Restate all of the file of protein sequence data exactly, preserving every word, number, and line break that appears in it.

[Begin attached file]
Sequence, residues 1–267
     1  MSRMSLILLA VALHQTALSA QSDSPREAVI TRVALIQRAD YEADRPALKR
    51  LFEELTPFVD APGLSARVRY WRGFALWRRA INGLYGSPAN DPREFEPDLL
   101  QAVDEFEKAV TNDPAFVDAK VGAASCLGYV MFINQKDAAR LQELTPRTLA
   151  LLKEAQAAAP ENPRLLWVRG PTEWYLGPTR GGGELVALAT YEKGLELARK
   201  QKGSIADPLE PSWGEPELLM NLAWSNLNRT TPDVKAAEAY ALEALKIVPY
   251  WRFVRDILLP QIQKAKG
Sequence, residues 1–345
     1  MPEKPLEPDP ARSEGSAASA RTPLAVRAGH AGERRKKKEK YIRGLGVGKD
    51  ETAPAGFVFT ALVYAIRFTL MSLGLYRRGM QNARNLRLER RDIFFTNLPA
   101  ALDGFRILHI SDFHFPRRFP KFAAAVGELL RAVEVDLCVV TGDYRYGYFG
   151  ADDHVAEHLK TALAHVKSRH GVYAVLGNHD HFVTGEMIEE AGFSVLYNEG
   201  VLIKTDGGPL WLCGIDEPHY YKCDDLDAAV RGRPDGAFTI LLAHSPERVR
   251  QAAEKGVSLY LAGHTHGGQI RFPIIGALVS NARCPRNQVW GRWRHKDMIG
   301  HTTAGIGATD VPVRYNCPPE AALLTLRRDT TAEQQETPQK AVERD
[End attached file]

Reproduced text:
Sequence, residues 1–267
     1  MSRMSLILLA VALHQTALSA QSDSPREAVI TRVALIQRAD YEADRPALKR
    51  LFEELTPFVD APGLSARVRY WRGFALWRRA INGLYGSPAN DPREFEPDLL
   101  QAVDEFEKAV TNDPAFVDAK VGAASCLGYV MFINQKDAAR LQELTPRTLA
   151  LLKEAQAAAP ENPRLLWVRG PTEWYLGPTR GGGELVALAT YEKGLELARK
   201  QKGSIADPLE PSWGEPELLM NLAWSNLNRT TPDVKAAEAY ALEALKIVPY
   251  WRFVRDILLP QIQKAKG
Sequence, residues 1–345
     1  MPEKPLEPDP ARSEGSAASA RTPLAVRAGH AGERRKKKEK YIRGLGVGKD
    51  ETAPAGFVFT ALVYAIRFTL MSLGLYRRGM QNARNLRLER RDIFFTNLPA
   101  ALDGFRILHI SDFHFPRRFP KFAAAVGELL RAVEVDLCVV TGDYRYGYFG
   151  ADDHVAEHLK TALAHVKSRH GVYAVLGNHD HFVTGEMIEE AGFSVLYNEG
   201  VLIKTDGGPL WLCGIDEPHY YKCDDLDAAV RGRPDGAFTI LLAHSPERVR
   251  QAAEKGVSLY LAGHTHGGQI RFPIIGALVS NARCPRNQVW GRWRHKDMIG
   301  HTTAGIGATD VPVRYNCPPE AALLTLRRDT TAEQQETPQK AVERD